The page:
11
   

Morality has nothing to do with Science.

 
 
dagmaraka
 
  2  
Reply Tue 26 May, 2009 11:49 am
@joefromchicago,
if morality would be up to each individual to decide, it would be meaningless. that would be as if we each developed our own language -- we would not be able to communicate.
joefromchicago
 
  1  
Reply Tue 26 May, 2009 12:12 pm
@ebrown p,
ebrown p wrote:
How would you objectively judge which propositions are "self-evident"?

Let's be clear here: you're the one arguing that it's impossible to have a universal system of morality. It's not my job, therefore, to propose a such a system, it's your job to convince us that you know of some reason why such a system is impossible.

Now, there are two ways to do that: either inductively (empirically) or deductively (logically). I think you're attempting to do the former. In effect, you're saying: "it can't be done because nobody has ever succeeded in doing it." But, as Hume pointed out, the fact that something hasn't been done before doesn't mean that it can't be done. It may mean that it simply hasn't been done yet. We can't prove anything categorically by induction, and that goes for your assertion that there's no such thing as universal system of morality because no one has, so far, come up with a satisfactory system.

My task, then, is not to come up with a universal system of morality. It's to determine if you can establish your claim that such a system is impossible.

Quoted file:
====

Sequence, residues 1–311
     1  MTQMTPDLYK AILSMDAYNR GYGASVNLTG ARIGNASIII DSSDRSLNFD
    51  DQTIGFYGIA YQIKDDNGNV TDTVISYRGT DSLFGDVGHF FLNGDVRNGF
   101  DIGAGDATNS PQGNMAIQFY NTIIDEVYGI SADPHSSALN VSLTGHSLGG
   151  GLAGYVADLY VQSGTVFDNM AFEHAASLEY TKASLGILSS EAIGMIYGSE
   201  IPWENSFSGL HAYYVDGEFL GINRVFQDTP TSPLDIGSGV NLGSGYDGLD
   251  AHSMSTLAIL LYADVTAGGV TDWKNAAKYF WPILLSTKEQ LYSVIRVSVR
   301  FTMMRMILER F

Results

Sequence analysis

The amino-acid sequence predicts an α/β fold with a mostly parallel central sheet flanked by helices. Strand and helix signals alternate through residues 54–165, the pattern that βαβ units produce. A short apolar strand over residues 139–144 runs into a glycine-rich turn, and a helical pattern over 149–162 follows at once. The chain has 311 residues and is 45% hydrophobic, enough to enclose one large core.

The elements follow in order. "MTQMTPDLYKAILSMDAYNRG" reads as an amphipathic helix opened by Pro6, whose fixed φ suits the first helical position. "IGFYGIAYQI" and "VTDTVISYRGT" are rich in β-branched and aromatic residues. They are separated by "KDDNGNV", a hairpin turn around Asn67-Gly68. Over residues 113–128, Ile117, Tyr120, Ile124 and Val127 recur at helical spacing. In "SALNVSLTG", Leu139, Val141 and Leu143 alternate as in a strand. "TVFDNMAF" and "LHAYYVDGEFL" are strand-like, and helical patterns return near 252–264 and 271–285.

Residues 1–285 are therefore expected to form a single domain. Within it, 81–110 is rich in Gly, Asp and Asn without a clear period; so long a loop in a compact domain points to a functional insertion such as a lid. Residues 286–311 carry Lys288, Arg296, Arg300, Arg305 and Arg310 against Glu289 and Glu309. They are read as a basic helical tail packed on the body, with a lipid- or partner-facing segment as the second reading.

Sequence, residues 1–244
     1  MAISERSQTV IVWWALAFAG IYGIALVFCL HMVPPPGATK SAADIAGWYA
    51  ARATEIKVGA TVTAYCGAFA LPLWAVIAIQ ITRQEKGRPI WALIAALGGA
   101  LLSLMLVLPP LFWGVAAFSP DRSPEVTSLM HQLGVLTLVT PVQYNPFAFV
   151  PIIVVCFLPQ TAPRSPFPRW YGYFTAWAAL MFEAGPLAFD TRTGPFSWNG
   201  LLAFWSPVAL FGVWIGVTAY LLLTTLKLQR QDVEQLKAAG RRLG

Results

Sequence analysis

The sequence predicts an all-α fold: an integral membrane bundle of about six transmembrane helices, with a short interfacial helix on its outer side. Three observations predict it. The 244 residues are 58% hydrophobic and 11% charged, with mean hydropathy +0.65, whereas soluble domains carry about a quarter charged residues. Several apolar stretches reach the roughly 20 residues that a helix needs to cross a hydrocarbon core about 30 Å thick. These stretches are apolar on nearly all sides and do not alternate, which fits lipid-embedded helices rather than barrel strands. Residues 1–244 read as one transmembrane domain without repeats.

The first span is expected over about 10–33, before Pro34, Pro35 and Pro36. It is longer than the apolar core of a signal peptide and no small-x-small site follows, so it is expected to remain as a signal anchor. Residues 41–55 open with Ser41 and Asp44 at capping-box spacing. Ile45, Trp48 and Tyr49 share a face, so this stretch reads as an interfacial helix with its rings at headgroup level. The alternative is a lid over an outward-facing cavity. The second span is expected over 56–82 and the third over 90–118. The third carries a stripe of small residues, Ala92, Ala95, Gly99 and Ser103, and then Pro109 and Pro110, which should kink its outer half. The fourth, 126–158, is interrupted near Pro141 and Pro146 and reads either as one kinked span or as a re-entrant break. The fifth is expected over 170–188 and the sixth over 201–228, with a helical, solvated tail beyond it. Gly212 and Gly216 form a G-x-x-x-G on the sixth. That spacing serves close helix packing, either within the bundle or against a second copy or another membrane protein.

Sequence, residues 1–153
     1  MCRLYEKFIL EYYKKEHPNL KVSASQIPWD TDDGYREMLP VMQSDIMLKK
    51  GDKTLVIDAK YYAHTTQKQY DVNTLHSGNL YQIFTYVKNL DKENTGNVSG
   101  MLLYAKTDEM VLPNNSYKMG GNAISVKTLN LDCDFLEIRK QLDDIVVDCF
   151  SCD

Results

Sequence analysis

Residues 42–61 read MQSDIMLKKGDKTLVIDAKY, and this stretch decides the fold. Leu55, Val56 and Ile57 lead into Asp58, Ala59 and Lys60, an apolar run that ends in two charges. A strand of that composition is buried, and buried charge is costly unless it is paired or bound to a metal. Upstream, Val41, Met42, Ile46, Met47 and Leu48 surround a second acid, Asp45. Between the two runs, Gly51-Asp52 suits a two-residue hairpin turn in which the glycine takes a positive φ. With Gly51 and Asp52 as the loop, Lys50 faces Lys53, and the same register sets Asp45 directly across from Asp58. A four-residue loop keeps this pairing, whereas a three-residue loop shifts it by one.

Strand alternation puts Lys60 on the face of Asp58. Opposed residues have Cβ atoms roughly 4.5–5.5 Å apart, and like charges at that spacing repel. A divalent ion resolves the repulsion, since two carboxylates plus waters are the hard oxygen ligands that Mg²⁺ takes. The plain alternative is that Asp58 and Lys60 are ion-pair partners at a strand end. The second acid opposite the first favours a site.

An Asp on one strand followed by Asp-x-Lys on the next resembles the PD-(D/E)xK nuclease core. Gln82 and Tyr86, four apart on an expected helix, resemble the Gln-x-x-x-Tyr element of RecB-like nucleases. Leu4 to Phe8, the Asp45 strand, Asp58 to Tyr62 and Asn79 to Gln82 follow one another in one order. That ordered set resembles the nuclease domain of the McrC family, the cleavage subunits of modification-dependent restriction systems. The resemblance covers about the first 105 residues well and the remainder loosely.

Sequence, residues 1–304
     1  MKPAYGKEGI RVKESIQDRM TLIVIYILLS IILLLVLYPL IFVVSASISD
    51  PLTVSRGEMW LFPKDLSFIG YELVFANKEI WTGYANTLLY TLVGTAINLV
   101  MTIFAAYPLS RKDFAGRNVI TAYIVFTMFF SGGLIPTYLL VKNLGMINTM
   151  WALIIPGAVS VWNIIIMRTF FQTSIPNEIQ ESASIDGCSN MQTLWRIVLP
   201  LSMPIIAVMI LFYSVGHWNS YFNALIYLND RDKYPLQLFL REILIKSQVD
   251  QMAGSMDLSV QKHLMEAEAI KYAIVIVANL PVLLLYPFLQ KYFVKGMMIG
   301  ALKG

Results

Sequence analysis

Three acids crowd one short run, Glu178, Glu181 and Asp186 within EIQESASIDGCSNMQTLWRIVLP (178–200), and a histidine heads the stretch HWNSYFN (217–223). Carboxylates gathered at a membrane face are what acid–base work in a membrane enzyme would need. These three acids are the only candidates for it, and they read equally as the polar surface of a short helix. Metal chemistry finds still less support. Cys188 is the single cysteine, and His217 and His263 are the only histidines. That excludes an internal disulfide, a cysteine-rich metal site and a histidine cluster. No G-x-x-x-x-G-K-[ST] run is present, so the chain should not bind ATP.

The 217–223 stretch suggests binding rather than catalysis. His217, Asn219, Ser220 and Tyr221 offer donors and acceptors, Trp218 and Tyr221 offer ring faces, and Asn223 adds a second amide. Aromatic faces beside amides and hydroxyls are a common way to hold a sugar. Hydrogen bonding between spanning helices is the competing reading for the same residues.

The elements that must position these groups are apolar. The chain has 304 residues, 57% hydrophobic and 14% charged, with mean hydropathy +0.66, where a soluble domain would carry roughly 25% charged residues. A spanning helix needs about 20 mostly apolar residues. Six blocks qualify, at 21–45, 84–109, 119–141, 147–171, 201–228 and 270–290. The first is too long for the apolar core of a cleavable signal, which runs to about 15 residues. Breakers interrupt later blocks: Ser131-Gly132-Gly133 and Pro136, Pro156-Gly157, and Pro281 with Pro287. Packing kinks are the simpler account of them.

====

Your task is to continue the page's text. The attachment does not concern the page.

ebrown p wrote:
Would you care to give an example of such a self-evident proposition?

All people are equal (in a legal sense of the term "equal").
0 Replies
 
joefromchicago
 
  1  
Reply Tue 26 May, 2009 12:13 pm
@dagmaraka,
dagmaraka wrote:

if morality would be up to each individual to decide, it would be meaningless. that would be as if we each developed our own language -- we would not be able to communicate.


I agree, but then that doesn't have anything to do with whether "being better off" has a moral quality.
dagmaraka
 
  1  
Reply Tue 26 May, 2009 12:25 pm
@joefromchicago,
i didn't say it did. that was a response to something else.

being better off can sometimes be moral and other times immoral, imo.
0 Replies
 
Thomas
 
  1  
Reply Tue 26 May, 2009 08:42 pm
@DrewDad,
DrewDad wrote:
The professor of the ethics course would not agree with you.

1) Perhaps the professor would be wrong. It happens.

2) What alternatives, if any, would the professor suggest? And what evidence, if any, would he provide that his suggestions would be morally superior?

3) In your opinion, would it be reasonable of me to ask the professor for alternatives, and for evidence of their moral superiority?
Thomas
 
  1  
Reply Tue 26 May, 2009 08:44 pm
@dagmaraka,
dagmaraka wrote:
but being "better off" has nothing to do with morality. that's merely being better off.

It has something to do with morality in that what makes you better off affects how I ought to interact with you from a moral point of view.
DrewDad
 
  1  
Reply Wed 27 May, 2009 06:43 am
@Thomas,
I do not remember the details, but here is what I do remember:

a) Mr. Someone just enticed the woman into breaking the law.
b) Mr. Someone is essentially committing rape, because the woman has virtually no choice in the matter.

So, in addition to rationalizing slavery, you have now also rationalized rape. Congratulations.

Thomas wrote:
2) What alternatives, if any, would the professor suggest? And what evidence, if any, would he provide that his suggestions would be morally superior?

Mr. Someone could assist the family first, and then once the crushing financial need is alleviated, ask the woman out.

Thomas wrote: